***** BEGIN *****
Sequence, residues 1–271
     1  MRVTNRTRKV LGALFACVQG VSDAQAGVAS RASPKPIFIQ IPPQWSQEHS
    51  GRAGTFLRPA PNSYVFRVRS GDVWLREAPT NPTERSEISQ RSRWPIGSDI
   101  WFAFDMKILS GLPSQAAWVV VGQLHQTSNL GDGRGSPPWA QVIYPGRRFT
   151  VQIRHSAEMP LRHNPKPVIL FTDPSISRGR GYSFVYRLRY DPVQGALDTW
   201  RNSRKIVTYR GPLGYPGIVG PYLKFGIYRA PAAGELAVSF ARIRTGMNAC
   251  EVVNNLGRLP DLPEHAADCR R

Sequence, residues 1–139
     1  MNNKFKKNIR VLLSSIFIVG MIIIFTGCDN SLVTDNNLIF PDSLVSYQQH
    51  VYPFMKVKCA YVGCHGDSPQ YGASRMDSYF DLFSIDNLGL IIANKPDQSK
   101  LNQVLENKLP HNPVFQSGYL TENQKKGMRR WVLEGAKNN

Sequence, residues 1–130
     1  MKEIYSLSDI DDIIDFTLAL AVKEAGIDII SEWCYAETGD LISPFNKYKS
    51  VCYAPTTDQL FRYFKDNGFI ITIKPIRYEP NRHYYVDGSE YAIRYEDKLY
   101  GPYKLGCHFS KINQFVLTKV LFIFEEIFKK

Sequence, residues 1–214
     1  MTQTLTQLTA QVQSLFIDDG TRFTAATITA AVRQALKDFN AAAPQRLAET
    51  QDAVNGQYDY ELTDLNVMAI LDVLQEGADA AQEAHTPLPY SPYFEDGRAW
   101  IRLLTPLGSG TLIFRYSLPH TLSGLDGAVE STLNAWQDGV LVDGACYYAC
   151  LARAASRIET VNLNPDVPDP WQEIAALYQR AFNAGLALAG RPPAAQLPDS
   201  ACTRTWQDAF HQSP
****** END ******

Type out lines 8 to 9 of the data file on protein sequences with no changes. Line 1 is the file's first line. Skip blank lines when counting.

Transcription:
Sequence, residues 1–139
     1  MNNKFKKNIR VLLSSIFIVG MIIIFTGCDN SLVTDNNLIF PDSLVSYQQH